Leaving the boys with their grand-parents, we took off for the short trip to Edmonton, which is about 6 hours West of our home in Saskatoon. First stop (of course) was the Reynolds-Alberta Museum, one of the must-see automotive landmarks in Canada.
Once in Edmonton, we argued with the GPS (mistake) and took what looked like a more direct route to The Reynold's-Alberta Museum. Upon arriving, we realized that the GPS generally knows best - lesson one.
The RA, while described as a transportation-themed museum, has a real concentration on cars and boasts a fully equipped and functioning restoration/bodyshop facility where they restore the vehicles for display.
These museum-quality restorations are performed by a very experienced crew consisting of paid professionals and non-paid enthusiasts. They constantly have several restorations on the go, each in various stages of completion. From the upper gallery, or viewing area, I could see a wide variety of machines, from the brass-era, early model T's, 40'sand 50's classics and even more modern muscle cars. Unfortunatley, after my argument with the GPS, we came in close to closing, so I decided to leave the Missus in the general memorabilia section to see how much I could see of the resto-shop.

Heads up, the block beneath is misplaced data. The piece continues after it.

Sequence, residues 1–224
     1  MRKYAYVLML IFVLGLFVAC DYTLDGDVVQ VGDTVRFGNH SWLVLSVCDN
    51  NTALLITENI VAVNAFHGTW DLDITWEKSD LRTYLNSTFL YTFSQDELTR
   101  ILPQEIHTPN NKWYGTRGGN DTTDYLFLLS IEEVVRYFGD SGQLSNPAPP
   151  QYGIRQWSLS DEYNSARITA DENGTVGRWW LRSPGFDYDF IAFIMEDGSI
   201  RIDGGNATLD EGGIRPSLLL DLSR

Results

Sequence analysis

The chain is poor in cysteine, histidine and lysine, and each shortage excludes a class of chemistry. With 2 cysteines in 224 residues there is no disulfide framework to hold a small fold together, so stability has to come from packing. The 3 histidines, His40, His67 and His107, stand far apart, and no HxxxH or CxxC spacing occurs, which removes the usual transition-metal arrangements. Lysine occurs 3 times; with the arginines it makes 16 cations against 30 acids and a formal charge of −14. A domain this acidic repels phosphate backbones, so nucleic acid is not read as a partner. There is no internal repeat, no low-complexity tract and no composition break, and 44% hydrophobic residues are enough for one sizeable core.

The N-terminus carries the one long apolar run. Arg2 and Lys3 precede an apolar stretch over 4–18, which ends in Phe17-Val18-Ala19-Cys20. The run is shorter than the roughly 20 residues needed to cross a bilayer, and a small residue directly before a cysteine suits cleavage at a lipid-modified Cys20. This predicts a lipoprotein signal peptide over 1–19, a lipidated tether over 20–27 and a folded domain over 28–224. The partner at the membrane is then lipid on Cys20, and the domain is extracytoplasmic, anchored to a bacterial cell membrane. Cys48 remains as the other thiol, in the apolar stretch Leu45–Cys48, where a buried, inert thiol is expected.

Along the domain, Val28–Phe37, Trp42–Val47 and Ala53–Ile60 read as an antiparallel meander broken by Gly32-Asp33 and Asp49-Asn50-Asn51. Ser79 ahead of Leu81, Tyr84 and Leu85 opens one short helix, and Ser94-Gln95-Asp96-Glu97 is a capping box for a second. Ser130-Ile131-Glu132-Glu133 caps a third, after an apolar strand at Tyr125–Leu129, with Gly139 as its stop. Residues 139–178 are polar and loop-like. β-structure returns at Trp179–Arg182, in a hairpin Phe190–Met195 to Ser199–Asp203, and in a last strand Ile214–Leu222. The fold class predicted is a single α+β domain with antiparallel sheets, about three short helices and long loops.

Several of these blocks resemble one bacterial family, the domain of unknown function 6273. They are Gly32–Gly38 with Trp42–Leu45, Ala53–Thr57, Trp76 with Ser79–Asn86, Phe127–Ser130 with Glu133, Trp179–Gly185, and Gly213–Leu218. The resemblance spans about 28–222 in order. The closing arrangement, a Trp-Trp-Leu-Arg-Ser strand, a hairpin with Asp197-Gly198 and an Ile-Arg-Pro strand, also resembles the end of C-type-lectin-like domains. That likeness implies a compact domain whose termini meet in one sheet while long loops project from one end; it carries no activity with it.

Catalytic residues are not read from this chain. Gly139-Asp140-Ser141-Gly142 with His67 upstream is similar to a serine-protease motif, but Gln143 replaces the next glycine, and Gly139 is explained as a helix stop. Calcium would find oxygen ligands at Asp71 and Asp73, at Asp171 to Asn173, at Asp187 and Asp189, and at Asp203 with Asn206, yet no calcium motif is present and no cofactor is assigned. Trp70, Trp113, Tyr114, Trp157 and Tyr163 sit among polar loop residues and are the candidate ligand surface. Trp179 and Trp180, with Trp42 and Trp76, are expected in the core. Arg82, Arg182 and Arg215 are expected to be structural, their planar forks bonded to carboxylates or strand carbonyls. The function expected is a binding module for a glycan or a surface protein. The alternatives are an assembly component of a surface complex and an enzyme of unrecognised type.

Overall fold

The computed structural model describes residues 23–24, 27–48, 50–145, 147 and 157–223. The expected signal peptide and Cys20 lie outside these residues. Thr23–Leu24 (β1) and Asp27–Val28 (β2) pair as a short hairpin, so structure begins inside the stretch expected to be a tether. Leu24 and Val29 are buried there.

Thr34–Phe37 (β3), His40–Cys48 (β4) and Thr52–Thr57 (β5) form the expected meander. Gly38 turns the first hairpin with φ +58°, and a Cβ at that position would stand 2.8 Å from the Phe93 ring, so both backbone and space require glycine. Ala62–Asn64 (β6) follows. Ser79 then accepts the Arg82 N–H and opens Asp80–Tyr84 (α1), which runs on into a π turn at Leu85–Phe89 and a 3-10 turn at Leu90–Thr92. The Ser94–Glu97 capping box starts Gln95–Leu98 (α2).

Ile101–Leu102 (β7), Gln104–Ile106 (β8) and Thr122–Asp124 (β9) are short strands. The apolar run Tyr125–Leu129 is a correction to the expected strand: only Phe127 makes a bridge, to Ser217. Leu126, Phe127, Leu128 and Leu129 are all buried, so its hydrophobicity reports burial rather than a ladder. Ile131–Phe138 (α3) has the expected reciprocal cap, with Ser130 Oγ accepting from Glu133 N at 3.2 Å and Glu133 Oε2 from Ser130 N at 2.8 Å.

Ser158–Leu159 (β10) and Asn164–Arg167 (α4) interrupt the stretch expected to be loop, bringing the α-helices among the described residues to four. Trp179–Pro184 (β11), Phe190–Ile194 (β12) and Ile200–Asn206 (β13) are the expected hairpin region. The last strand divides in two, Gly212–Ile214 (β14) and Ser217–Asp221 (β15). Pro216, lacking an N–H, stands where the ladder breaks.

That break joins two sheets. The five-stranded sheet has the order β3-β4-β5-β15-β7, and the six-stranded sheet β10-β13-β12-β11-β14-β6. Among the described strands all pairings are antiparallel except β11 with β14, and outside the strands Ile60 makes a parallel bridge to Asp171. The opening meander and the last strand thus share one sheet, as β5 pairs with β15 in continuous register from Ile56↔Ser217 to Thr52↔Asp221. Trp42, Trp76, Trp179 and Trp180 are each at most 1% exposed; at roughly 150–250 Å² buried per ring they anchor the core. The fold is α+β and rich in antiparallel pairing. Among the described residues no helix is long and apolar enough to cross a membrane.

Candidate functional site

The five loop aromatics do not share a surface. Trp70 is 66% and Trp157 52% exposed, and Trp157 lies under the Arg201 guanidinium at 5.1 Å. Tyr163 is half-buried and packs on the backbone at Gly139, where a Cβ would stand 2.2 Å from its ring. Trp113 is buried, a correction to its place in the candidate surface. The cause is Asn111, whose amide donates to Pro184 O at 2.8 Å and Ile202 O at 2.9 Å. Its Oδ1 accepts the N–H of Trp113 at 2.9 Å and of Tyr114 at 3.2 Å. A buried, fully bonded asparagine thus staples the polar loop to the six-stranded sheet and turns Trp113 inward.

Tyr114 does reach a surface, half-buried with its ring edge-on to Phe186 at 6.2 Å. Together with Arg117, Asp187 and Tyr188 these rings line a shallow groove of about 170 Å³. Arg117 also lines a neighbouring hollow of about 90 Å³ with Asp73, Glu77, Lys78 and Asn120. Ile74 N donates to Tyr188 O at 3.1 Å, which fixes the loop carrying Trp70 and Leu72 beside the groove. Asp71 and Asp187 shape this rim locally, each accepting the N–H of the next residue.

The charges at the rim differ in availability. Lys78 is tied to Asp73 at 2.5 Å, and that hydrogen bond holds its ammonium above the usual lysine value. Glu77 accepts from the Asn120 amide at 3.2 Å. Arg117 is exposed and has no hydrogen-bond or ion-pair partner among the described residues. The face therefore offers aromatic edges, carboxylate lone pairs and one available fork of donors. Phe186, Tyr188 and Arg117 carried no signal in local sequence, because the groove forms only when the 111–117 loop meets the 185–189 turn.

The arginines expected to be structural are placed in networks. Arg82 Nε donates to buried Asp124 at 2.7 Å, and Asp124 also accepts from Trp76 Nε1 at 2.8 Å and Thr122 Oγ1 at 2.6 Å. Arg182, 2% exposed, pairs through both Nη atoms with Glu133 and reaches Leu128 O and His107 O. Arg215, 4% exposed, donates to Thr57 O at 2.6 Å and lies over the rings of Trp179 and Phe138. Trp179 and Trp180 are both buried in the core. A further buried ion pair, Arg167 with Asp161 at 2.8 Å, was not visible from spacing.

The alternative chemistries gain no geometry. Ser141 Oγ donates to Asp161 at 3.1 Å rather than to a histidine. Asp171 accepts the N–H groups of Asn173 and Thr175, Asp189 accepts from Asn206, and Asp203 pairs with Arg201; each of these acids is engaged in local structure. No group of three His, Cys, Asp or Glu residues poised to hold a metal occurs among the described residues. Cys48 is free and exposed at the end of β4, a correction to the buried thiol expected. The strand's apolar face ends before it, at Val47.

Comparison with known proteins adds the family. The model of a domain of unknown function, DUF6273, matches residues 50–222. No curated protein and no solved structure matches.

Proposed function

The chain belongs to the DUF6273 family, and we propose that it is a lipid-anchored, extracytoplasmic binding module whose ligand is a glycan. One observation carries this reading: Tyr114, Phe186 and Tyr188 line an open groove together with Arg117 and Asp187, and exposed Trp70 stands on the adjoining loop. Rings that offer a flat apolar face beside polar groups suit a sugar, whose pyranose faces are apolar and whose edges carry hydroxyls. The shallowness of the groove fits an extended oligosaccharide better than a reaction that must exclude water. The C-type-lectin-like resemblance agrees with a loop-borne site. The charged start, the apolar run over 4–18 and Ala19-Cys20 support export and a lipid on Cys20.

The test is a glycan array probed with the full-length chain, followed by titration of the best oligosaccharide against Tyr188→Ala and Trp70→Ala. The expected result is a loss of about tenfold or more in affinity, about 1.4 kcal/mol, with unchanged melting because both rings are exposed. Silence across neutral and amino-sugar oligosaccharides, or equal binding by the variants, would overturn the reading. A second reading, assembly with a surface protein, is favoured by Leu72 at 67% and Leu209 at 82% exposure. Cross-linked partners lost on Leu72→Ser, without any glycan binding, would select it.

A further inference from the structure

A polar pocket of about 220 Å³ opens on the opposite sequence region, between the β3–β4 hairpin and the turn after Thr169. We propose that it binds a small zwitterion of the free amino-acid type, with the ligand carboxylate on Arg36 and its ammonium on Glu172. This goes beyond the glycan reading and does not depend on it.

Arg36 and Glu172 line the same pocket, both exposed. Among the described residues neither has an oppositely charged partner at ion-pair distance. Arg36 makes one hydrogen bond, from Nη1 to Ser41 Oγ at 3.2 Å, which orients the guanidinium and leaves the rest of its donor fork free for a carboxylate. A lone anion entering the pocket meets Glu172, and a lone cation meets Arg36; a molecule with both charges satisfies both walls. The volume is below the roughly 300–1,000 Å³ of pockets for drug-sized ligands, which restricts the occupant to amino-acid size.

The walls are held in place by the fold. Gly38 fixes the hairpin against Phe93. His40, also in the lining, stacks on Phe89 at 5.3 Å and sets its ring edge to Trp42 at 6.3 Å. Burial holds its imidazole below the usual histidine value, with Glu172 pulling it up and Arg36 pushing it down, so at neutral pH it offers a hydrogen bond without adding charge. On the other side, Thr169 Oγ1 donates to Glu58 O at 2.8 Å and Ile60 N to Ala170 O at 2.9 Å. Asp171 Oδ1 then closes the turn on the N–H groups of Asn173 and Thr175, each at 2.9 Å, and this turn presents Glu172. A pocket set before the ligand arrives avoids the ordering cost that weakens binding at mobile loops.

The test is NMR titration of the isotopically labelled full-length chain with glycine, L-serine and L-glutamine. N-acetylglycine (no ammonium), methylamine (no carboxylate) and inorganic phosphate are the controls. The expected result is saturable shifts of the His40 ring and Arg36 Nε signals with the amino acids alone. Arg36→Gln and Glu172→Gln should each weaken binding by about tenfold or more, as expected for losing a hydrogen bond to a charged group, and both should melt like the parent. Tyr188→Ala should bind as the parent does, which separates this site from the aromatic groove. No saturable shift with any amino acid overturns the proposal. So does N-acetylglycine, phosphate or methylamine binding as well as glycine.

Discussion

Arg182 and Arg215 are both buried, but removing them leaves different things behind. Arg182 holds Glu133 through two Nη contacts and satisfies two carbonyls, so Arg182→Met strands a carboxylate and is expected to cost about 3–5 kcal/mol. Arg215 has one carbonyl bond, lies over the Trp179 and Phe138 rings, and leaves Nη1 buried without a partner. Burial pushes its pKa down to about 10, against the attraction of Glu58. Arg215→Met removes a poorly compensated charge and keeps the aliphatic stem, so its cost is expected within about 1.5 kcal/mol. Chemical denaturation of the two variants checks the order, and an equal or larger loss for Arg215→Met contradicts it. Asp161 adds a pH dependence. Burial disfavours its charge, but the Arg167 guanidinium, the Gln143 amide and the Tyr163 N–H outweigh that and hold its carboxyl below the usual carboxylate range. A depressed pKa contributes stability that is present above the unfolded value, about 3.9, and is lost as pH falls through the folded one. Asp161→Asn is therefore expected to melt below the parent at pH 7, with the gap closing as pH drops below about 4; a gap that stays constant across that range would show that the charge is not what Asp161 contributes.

Sneeking past some barriers and through a partly opened door !), I managed to slip into the shop but was immediately found out by a senior employee (read:suit) After pleading my case and convincing the gentleman thta I was an enthusiast, not a criminal, he led me to a row of early Ford and Dodge engines and asked what I wanted to see the most! Well that was all I need and I begged for an opportunity to check out some of the equipment, the brass-era machine in progress and to speak to the painter, who I could see just exiting the paint booth, which was full of parts for one of the projects. Sensing my interest and sincerity, the gentlemen and I chatted for about 20 minutes and left me alone to peruse a fully equipped restorers dream shop.
I also found out about a couple of awesome programs they have. The first are restoration courses that run in sequence, beginning in February, from looking for and buying your first project, to introductions to many of the repair and restoration processes available. As well, in the summer, they have a classic-drive program where patrons can come out and get up close and personal (as well as drive!) various antique works of art!
So now I have another holiday week accounted for! Surely if you find yourself with holidays you can spend on your own, or if the better half wants to enjoy the many other parts of Edmonton while your at it, or even if you find yourself driving through Edmonton (who doesn't!), make sure to book some time at the Reynold's-Alberta Museum. It's growing all the time too - with plans to open a huge open-air history of flying section and more.
See it: http://history.alberta.ca/reynolds/